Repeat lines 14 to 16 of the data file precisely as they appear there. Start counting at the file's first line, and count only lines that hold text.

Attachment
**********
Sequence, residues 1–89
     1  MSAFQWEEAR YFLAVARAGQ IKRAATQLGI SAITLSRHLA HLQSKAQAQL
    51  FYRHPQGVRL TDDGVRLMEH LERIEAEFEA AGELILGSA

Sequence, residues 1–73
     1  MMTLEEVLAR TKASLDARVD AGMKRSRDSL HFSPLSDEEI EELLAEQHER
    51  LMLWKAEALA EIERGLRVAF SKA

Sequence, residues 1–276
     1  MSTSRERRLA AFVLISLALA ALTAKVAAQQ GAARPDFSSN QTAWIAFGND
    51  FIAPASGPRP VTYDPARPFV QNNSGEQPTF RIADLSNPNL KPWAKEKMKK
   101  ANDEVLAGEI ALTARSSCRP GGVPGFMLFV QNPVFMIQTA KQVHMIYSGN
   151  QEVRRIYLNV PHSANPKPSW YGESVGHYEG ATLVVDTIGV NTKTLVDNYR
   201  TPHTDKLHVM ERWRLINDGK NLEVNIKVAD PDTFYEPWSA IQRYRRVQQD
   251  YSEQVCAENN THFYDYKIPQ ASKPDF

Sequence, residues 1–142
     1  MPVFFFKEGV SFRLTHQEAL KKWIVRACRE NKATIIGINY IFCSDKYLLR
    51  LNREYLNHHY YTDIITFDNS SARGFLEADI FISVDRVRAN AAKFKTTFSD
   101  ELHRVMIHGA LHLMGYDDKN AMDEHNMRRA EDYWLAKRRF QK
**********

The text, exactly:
Sequence, residues 1–142
     1  MPVFFFKEGV SFRLTHQEAL KKWIVRACRE NKATIIGINY IFCSDKYLLR
    51  LNREYLNHHY YTDIITFDNS SARGFLEADI FISVDRVRAN AAKFKTTFSD